Trump supporters trust the president more than their family and friends, poll finds

Only 11 per cent of Trump supporters trust the media for information

Emily Shugerman
New York
Thursday 02 August 2018 19:54 BST
President Donald Trump walks on the South Lawn of the White House before boarding Marine One
President Donald Trump walks on the South Lawn of the White House before boarding Marine One (Al Drago/Bloomberg via Getty Images)

Donald Trump’s supporters trust the president for accurate information more than their own friends and family, according to a new poll.

CBS News asked more than 2,000 Americans who they turn to for accurate information, regardless of whether they agree with the source's views. Ninety-one per cent of strong Trump supporters said they turned to the president. Only 63 per cent said they looked to their friends and family.

Perhaps unsurprisingly, only 11 per cent of those who strongly supported the president who popularised the term “fake news” said they trusted the mainstream media for information. Americans’ trust in media as a whole slipped to its lowest point in history in September 2016 – two months before Mr Trump’s election – and has remained low ever since, according to Gallup survey results.

Since taking office, Mr Trump has regularly assailed the media and encouraged his supporters to trust in him above all else. Discussing his controversial trade policy at a veteran’s conference this month, Mr Trump told supporters: “Just remember, what you’re seeing and what you’re reading is not what’s happening."

But Mr Trump regularly makes inaccurate or misleading statements himself. Just two days before the CBS survey was published, the president tweeted that his poll numbers were the highest in the “history of the Republican party”, including President Abe Lincoln. The first national presidential poll was conducted in 1936 – seven decades after Lincoln died.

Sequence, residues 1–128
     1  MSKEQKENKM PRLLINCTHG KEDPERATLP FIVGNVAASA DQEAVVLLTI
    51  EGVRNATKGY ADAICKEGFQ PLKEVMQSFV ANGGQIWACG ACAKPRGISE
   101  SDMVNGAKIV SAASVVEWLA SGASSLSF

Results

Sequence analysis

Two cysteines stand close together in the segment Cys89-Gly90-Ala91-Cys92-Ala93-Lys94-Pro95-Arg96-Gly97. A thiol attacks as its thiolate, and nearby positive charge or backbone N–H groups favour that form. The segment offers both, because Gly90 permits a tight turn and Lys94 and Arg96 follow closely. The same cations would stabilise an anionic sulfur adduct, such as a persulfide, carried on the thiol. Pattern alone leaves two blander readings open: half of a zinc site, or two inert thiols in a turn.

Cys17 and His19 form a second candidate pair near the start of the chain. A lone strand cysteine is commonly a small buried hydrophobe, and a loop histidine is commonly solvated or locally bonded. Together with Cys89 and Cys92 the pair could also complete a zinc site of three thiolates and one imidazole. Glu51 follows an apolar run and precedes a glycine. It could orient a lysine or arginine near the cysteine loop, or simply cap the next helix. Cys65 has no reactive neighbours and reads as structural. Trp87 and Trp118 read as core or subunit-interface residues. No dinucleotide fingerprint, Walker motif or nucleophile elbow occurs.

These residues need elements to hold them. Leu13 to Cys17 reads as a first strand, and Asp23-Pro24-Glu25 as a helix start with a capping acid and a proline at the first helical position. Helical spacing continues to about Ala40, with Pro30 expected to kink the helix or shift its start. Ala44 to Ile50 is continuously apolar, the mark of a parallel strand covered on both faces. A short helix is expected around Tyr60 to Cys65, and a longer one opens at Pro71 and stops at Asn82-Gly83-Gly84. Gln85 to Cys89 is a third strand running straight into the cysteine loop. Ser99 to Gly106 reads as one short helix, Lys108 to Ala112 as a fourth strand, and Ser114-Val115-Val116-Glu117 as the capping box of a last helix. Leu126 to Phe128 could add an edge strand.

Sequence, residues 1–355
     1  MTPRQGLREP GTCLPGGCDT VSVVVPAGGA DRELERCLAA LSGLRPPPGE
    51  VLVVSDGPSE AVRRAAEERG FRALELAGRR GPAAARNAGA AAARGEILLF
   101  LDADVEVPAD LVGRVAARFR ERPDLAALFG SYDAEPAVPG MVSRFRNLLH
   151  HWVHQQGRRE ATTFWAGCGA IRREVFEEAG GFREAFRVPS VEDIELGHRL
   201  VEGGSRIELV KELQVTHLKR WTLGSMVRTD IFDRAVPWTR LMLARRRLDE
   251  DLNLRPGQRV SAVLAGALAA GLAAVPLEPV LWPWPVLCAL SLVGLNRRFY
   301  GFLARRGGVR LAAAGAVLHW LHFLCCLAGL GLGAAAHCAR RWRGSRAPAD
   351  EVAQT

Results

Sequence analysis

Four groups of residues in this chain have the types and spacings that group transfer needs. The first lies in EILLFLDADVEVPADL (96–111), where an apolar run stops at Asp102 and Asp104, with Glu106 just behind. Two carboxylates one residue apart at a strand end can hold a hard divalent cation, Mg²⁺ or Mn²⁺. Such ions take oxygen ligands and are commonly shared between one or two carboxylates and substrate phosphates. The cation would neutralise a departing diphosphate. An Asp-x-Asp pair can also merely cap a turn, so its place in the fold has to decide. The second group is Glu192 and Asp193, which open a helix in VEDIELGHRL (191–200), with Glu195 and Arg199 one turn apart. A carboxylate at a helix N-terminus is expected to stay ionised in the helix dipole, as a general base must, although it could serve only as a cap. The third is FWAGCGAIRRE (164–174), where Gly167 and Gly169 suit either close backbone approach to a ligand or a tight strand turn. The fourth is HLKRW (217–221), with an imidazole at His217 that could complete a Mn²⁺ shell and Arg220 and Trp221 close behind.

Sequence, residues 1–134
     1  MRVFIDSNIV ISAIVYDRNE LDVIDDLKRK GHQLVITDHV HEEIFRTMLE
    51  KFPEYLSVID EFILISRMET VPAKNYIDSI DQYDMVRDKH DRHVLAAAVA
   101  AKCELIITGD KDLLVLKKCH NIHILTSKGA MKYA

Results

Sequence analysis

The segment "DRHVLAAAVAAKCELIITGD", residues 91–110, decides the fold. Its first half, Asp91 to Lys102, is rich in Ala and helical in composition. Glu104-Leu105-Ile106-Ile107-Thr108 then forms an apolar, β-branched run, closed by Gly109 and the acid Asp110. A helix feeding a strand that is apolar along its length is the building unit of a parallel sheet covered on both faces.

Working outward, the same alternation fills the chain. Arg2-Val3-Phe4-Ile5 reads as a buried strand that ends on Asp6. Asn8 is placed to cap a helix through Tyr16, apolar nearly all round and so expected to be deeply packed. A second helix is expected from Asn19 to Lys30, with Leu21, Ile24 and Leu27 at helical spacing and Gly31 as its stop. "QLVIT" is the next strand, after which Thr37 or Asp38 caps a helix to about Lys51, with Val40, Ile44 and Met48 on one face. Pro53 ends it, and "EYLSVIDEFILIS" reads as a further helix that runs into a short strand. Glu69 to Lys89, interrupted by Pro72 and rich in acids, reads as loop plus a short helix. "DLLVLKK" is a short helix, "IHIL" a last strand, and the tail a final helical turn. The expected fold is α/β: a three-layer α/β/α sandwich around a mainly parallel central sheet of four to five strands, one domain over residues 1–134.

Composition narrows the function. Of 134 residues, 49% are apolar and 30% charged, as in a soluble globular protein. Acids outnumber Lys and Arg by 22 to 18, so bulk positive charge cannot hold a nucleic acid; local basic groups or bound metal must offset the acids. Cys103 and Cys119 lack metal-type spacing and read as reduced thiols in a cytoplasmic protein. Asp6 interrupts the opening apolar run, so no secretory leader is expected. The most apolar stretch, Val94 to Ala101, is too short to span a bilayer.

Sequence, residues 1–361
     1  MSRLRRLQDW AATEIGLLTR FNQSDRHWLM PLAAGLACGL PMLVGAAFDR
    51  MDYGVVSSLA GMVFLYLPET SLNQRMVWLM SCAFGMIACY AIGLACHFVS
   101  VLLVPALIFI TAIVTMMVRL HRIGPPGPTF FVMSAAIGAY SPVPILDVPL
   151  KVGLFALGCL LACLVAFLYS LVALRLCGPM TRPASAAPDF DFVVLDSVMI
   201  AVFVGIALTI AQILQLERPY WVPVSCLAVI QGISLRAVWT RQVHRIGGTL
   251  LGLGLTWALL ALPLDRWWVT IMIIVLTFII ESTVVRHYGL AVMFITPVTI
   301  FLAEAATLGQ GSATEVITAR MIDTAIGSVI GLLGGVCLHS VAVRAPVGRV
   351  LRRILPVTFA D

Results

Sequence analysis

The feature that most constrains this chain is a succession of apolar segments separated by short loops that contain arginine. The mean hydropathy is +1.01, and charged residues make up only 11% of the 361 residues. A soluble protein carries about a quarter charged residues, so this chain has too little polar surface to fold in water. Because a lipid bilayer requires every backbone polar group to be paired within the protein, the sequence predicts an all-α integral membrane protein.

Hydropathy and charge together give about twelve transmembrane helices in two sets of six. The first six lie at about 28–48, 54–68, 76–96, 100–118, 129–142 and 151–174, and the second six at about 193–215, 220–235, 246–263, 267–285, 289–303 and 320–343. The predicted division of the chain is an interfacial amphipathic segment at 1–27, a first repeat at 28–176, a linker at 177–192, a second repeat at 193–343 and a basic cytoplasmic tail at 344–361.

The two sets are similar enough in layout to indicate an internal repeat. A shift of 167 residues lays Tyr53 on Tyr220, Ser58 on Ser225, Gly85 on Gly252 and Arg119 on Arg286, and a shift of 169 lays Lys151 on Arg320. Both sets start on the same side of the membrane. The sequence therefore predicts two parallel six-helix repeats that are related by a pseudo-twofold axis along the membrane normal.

According to a Washington Post tally updated at the end of May, Mr Trump had made more than 3,200 false or misleading claims in the past 497 days.

Still, Mr Trump’s support remains high among his base. While his approval ratings have hovered around 40 per cent for most of his presidency, the latest Gallup survey results show Mr Trump enjoys 87 per cent approval among Republicans. His support among Democrats is just 8 per cent.

At the same time, recent studies show Americans struggle to tell the difference between fact and opinion in news coverage. A recent Pew Research Centre study presented more than 5,000 US adults with a mix of five facts and five opinions and asked them to distinguish between the two. Only 26 per cent of respondents could accurately identify all five facts, and only 35 per cent could identify the opinions.

According to the study, both Republicans and Democrats were more likely to think news statements were factual when they appealed to their side – even if they were opinions.

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